The True Life Companies: Making the American Dream More Accessible

Written by: Todd Shriber

For decades, one of the pillars of the American dream has been home ownership. While the concept of the nuclear family has evolved considerably and the era of white picket fences is bygone, home ownership remains a cornerstone of wealth building.

However, that dream has become almost unreachable for many working families. Consider the following. At the end of the third quarter of 2022, the median price of an existing home in the U.S. was $392,000, which represented a staggering $140,000 increase over six years. While economists are forecasting a decline in home prices this year owing to the Federal Reserve’s 2022 interest rate increases, housing costs remain out of reach for many prospective buyers.

One way of looking at that scenario is that unique solutions are needed to make home ownership more accessible to broader swaths of buyers. Enter The True Life Companies. The True Life Companies (TTLC), which was, coincidentally, founded in 2008 amid the carnage of the real estate-driven global financial crisis, works with property owners, investment partners, and municipalities to broaden access to residential real estate.

How the firm accomplishes that objective is pertinent to a variety of stakeholders, including cities and towns, would-be homebuyers and registered investment advisors (RIAs).

Inside The True Life Story

The “why” behind The True Life story is easily conveyed – more approachable housing for more buyers. The “what” and the “how” are equally as important and are intimately linked.

The True Life Companies repurpose distressed or obsolete commercial real estate. Say a strip mall that’s been done in by the e-commerce boom or an office park that lost relevance as folks migrated to work-from-home. On that note, it must be acknowledged that The True Life’s core competency is NOT low income housing. Rather, the firm’s residential estate efforts are driven by accessibility and attainability at price points attractive to first time buyers but also in-line with market averages.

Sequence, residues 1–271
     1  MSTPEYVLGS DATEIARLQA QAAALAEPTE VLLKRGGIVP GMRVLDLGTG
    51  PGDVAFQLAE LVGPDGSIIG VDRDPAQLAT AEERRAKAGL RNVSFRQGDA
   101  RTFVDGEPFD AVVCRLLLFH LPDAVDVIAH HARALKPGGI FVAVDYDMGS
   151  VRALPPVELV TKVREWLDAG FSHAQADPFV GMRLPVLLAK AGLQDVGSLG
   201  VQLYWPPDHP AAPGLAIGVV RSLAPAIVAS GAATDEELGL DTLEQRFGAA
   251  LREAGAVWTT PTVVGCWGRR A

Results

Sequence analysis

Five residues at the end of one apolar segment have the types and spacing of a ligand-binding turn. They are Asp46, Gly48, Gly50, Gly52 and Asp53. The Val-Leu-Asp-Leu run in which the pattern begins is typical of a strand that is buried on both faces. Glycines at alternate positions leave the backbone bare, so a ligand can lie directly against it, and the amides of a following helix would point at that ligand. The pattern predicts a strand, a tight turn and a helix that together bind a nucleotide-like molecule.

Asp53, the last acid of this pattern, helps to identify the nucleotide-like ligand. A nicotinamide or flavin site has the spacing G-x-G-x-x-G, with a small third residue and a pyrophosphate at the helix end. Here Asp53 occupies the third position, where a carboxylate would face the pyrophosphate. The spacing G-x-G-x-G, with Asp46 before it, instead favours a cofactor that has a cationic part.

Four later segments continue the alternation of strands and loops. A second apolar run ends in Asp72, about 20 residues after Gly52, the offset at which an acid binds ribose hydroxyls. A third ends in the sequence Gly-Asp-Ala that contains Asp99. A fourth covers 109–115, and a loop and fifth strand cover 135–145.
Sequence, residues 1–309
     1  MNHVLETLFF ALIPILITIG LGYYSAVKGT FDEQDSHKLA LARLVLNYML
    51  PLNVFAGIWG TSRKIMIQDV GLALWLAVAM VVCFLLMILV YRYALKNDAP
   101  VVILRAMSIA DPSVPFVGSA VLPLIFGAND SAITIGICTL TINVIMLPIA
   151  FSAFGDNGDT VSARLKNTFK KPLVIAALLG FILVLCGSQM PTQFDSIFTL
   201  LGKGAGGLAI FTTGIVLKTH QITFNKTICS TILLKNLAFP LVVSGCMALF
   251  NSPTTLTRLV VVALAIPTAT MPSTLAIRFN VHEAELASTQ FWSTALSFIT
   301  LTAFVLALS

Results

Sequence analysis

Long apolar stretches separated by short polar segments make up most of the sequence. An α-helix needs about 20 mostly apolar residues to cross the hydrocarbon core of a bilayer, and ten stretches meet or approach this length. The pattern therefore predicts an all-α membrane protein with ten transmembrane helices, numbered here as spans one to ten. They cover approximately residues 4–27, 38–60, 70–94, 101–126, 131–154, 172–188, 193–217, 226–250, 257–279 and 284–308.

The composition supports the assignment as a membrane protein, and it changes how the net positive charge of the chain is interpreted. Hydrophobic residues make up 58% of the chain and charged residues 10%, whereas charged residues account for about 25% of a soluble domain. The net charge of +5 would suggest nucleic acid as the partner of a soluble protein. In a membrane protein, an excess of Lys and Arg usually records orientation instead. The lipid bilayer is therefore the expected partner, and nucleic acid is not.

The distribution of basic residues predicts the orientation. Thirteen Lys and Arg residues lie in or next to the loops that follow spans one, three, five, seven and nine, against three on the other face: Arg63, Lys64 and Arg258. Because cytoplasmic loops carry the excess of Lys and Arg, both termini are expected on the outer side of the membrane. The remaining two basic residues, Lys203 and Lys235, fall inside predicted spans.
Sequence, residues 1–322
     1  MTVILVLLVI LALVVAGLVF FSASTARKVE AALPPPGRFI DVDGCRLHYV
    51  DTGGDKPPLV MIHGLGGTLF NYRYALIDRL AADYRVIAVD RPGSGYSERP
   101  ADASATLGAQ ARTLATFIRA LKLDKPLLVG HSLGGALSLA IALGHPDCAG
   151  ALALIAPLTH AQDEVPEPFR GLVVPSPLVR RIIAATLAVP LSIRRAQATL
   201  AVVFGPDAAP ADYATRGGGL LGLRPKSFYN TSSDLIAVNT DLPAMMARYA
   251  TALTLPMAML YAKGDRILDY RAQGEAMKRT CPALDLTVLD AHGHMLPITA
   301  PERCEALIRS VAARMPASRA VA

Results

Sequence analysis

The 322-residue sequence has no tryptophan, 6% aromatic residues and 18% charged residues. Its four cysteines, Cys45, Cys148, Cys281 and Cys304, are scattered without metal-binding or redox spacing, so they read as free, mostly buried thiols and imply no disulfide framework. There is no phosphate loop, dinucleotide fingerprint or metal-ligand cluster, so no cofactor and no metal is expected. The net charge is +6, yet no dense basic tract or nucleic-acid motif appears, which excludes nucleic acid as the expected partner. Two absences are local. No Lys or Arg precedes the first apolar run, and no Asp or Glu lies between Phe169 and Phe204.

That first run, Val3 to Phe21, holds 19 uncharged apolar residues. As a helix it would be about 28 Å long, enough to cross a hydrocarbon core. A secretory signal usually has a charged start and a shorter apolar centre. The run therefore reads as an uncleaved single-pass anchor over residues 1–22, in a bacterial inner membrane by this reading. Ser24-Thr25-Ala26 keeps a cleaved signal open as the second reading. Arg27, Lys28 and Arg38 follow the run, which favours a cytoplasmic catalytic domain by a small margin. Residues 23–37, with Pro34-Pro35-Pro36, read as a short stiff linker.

“In 2014, we launched our current investment thesis, which is all around attainable for sale housing,” said The True Life Companies Chairman and CEO Scott Clark. “We believe that the American Dream of home ownership is alive and well.”

Expounding upon the “how” – and this noteworthy to advisors – The True Life is not a traditional real estate investment trust (REIT) or homebuilder. In fact, the company typiclly doesn't build homes. Rather, the company identifies an antiquated commercial property that is ripe for conversion to residential, goes through a 24- to 36-month permitting process with the municipality and ultimately sells the blueprint to marquee homebuilders. In that process, the original owner of the property and The True Life investors are compensated upon sale of the real estate to a builder.

How Advisors Partner with The True Life Companies

For years, large-scale residential real estate developments, whether it be apartments, condos or single-family homes, have been dominated by institutional investors and private equity companies. That’s kept many retail investors at bay, precluding them from accessing an attractive asset class.

The True Life Companies democratizes the process. By prioritizing relationships with RIAs, a broader swath of everyday investors can participate in The True Life offerings.

“We really wanted to bring our thesis to ordinary investors in America and the advisory community allows us to do that,” added Clark. “Our ‘why’ is to create economic opportunities for others. We do that through this delivery of attainable housing. Mirroring that with advisors that allow them to bring our strategy to their clients and create economic abundance for them.”

The point: Attainable housing for first time buyers is a massive opportunity set particularly when focusing on younger demographics, such as millennials and Gen Z. Demand far outstrips supply, but by emphasizing new thinking and what works, The True Life is doing something about this problem. That implies an element of “doing right,” which could be compelling to advisors when factoring in today’s increasingly values-driven clients.

To learn more about The True Life Companies and their approach to creating attainable housing, please visit

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